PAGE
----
Local news coverage of veterinary matters can be frustrating. On the one hand, public recognition of the advances in technology and patient care that veterinary medicine has made in just the last ten years is a good thing. On the other hand, . . .
Catmanager suspects that all of us in the veterinary industry have had occasion to cringe while reading, listening to, or watching local media attempt to explain veterinary medicine. To appropriate a phrase from one of my favorite TV characters, “It’s a blessing. And a curse.”
Case in point is this item broadcast yesterday on the local nightly news in San Francisco. Titled “Alzheimer’s Cure Researched Through Cats,” the story begins by reminding viewers that
the devastating disease Alzheimer’s is a taking an increasing toll on our human population. But it is also affecting our pets.
The story then cites a study recently published in the Journal of Feline Medicine and Surgery:
[The study] suggests cats may suffer their own form of age-related dementia. As cats age they share important similarities with humans — including Alzheimers. In fact, scientists have identified thick gritty plaques on the outside of elderly cats’ brain cells very similar to those found in humans.
Unfortunately the story doesn’t give more details. Possibly it refers to a case report presented in JFMS 8:6, 424–429, “Late onset cerebellar degeneration in a middle-aged cat” (the abstract can be read here). More likely the story refers to an article from JFMS 8:4, 234–242: “Ageing changes in cat brains . . .” (abstract here). Presuming that the TV story refers to the latter article, it does accurately reflect the findings of the report. However, the JFMS report is careful not to use the word Alzheimer or imply that the brain changes in cats and human beings mean the same thing. Of course, saying that cats get cognitive dysfunction syndrome or even emphasizing that feline senility is similar to Alzheimer’s disease greatly reduces the shock impact of the story.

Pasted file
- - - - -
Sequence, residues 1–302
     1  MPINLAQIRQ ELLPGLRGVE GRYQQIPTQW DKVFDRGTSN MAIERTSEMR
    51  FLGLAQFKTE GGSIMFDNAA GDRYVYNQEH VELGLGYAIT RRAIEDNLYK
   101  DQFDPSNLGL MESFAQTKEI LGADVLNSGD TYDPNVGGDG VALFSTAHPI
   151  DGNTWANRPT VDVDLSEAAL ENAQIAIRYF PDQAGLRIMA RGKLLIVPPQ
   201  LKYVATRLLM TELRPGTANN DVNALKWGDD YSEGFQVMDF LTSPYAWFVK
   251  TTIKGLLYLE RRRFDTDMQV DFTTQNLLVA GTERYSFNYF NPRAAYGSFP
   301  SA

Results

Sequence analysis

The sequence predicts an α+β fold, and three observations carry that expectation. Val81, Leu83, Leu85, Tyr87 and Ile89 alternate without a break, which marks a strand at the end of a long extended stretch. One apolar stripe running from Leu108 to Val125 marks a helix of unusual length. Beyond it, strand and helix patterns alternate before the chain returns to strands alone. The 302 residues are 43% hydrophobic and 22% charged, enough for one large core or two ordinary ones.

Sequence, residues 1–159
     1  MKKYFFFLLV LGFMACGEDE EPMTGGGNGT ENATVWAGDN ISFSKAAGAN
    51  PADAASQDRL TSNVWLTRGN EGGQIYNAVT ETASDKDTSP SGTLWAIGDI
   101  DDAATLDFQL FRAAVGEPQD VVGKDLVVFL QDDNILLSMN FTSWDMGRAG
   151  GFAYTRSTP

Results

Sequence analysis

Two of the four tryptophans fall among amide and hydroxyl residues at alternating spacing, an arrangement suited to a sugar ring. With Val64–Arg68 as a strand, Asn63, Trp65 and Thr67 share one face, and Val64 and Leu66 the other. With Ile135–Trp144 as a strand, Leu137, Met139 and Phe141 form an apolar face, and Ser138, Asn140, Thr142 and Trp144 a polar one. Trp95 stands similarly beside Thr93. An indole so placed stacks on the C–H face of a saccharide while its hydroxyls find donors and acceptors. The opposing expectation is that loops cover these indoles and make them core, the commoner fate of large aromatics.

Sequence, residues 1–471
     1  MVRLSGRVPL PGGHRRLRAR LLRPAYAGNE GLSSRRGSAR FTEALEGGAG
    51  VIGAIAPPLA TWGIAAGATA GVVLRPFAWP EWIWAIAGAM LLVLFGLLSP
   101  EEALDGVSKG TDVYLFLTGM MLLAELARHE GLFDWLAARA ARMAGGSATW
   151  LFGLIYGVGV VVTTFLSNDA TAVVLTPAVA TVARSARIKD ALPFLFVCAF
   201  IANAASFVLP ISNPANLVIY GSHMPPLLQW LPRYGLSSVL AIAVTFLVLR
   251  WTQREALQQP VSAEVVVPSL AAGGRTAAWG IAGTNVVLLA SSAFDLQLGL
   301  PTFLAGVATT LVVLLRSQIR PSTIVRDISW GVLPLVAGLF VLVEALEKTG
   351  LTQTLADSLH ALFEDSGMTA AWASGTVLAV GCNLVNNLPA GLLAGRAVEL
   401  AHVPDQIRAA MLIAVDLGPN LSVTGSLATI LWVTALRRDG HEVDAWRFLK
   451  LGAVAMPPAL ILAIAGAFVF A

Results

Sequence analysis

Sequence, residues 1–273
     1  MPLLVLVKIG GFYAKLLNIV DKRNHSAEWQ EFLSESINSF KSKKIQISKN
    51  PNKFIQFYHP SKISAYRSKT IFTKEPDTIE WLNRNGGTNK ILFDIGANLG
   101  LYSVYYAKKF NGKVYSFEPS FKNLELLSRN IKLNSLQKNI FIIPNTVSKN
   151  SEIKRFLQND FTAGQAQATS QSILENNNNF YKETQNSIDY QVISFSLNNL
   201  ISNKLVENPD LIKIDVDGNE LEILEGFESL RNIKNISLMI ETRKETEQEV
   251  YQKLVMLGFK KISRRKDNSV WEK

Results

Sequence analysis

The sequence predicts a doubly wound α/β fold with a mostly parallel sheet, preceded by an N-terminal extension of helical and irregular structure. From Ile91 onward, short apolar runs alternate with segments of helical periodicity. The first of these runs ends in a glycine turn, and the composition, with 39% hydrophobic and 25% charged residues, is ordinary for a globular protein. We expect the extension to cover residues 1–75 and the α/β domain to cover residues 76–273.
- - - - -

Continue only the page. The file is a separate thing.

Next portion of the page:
Oh, well, at least the TV station is educating pet owners about veterinary medicine. The story goes on to discuss treatment:
vets are using people medicine to help pets. The drug Selegilene is used in human patients with Alzheimers, so the manufacturer came out with Anypprl – the same drug for dogs. Now some vets are trying smaller doses of sleeplike for cats as an off-label use.
Catmanager doesn’t doubt that producing a TV news program is difficult, with awesome time constraints. But a little editing goes a long way: Anipryl, please. And what does “doses of sleeplike” mean?
No matter. The story contains more serious problems. It concludes by recommending that
if your aging cat starts acting confused or showing other behavioral changes, it may be worth mentioning to your vet.
It may be worth mentioning? Sounds like the “Healthy Cats for Life” campaign still has some work to do! The biggest problem I see with the story, though, is it’s title, “Alzheimer’s Cure Researched Through Cats,” which implies that cats are being used in medical experiments to cure Alzheimer’s. That may be happening, but nothing in the story supports that implication. Although I wouldn’t call the story irresponsible, it is sensationalistic, which is a lamentable but all-too-common characteristic of stories about veterinary medicine in the lay media.